Sunday, September 02, 2007

First on the scene

Even before I wanted to be a doctor, I used to imagine being the first person to arrive at some great tragedy, saving the day with my Boy Scout first aid skills. I've learned a lot of first aid since then, all the way through ATLS and ACLS, but still, I've never had to use it outside of the hospital. I'd never seriously considered it even, for despite the nature of my job, there was still a division between me at work, being a doctor, and me at home, being a 20-something guy with a cheap car and a nice stereo.

Until last week.

I had the unique opportunity, late one night after dropping a friend off at her apartment, to be the third person on the scene of a rather horrific motorcycle accident. When I pulled over and ran up to the site, I did have a vague idea that "I might do something good here," but it was shattered when I saw the one victim. Even though I'm not a surgeon, it didn't take medical training to realize there was nothing I could do for the dead man, who had hit a retaining wall while traveling maybe 100 miles an hour. (He had passed me moments before, and my last uncharitable thought as he sped over the hill was "he's going to get himself killed driving like that.")

The guy who got there ahead of me was taking a pulse when I ran up, and he looked up at me and said "I'm an ER tech, and I don't think there's anything we can do." I looked at the double amputation, the blood all over the road, and the apparent high neck fracture, and responded "I'm a doctor. And there isn't." We called 911, of course, but there was no bleeding to stop, and the EMS guys called him dead on the scene.

Two things stuck with me from that night. One, I called myself a doctor, claiming a certain level of expertise, intentionally. And I didn't feel inappropriate doing so. I also watched, with part of my mind amazed at the change, as the seven or so bystanders now on the scene seemed to relax. I think they all needed to know that there wasn't anything to do, and they felt bad not doing something, despite the horror of the situation.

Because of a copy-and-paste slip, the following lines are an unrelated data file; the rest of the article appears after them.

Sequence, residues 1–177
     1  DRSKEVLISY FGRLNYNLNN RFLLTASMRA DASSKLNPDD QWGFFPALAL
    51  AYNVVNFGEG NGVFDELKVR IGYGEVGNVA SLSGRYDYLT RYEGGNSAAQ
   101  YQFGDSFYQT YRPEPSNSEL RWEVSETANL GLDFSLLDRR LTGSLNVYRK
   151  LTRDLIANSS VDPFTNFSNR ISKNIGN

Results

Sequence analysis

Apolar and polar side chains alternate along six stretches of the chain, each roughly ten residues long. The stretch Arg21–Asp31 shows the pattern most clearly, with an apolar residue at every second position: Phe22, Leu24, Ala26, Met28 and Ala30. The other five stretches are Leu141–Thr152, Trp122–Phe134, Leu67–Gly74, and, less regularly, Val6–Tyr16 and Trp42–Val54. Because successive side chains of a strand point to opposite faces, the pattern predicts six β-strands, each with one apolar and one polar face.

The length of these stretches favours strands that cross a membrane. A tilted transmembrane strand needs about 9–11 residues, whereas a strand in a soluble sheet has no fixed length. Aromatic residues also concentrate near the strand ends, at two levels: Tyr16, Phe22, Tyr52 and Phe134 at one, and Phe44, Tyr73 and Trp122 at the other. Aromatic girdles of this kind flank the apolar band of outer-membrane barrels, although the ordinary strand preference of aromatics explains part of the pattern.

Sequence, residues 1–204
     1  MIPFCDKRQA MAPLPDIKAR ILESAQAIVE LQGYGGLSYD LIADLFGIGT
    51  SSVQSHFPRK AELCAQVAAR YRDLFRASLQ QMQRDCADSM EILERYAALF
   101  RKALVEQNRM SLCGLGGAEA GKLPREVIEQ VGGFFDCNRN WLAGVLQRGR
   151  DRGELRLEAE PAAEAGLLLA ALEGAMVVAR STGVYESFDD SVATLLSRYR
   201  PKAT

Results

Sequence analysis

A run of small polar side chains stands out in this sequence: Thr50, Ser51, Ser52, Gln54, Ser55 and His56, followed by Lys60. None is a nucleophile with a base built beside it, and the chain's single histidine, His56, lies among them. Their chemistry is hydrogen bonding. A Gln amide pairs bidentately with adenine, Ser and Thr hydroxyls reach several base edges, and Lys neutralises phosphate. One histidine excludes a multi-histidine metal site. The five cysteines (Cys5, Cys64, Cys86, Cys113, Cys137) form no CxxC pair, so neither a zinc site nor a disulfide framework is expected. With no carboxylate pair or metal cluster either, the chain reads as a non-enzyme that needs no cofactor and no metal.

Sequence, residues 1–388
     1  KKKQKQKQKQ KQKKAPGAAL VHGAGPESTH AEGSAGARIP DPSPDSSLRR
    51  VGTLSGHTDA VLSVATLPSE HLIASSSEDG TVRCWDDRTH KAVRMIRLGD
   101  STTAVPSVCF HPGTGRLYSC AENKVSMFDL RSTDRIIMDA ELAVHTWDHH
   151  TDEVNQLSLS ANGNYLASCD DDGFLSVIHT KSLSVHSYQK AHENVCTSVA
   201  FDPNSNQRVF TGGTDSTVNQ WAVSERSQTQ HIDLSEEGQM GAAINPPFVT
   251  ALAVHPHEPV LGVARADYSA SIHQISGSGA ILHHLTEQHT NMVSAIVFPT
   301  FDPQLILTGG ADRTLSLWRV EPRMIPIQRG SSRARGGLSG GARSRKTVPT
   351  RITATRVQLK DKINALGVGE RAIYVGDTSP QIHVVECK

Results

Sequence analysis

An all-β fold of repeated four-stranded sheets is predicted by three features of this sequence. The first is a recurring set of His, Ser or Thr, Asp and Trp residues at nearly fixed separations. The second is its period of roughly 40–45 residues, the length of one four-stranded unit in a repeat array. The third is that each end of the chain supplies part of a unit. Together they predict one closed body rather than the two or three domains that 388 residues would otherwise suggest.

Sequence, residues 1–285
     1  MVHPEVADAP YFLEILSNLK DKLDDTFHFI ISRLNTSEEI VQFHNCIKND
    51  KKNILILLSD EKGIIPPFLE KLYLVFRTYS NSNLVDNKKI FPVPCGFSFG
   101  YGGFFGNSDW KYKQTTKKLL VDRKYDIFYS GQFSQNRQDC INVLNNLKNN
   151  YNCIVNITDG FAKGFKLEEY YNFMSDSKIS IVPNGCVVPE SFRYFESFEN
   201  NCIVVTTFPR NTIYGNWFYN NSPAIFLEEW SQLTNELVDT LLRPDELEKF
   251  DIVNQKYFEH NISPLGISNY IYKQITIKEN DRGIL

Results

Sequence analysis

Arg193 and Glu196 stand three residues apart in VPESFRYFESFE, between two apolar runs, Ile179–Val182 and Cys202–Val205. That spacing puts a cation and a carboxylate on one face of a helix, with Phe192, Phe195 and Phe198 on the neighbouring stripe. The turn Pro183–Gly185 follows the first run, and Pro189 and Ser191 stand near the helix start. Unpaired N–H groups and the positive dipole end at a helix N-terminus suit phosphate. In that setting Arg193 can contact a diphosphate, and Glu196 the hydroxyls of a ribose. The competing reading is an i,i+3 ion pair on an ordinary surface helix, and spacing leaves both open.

Two, even as I called myself "doctor" I felt a bit guilty for not doing anything. This bothered me for quite some time actually, until I realized that it is actually my job to make that kind of call. It is my job to take the information I have about a patient, compare it to the knowledge I have of my abilities and resources, and decide how to proceed. And here I had few resources to use on a patient with two major arteries severed and no longer bleeding, implying he had exsanguinated. I think I made the right call, but it still was painful not doing anything while waiting for EMS to arrive.

The crowd started to drift away, having had their fill of voyeurism. The victim's fellow motorcyclist (who had missed the retaining wall and come back) knelt by the body, nearly hysterical. The guy didn't look more than 18 or so, and I realized, with a bit of a start, that I was moved myself. Oddly reassuring, because, having seen so much death in the MICU and CCU lately, I was beginning to wonder if I was losing the ability to really care about my patients.

There are at least two ways of caring, I think. It is possible to be emotional and tearfully connected to another. But this form of caring does a physician little good in an emergency, and that is where I demonstrated, at least at first, another kind of caring, in bringing my assessment of my talents to bear on the situation. There is time for emotion after all the action has been taken.

I'm not sure what this kind of perspective means to my life as an internist. Internists are supposed (especially by surgeons) to be the hand holding type, remaining emotionally connected with patients always. Perhaps I am that on some level, but I think this is why cardiology, and especially interventional cardiology, appeals to me. It will allow me to apply my internist's mind to an emergent situation like that faced in surgery. And if I go that route with my career, I will need that perspective on caring.

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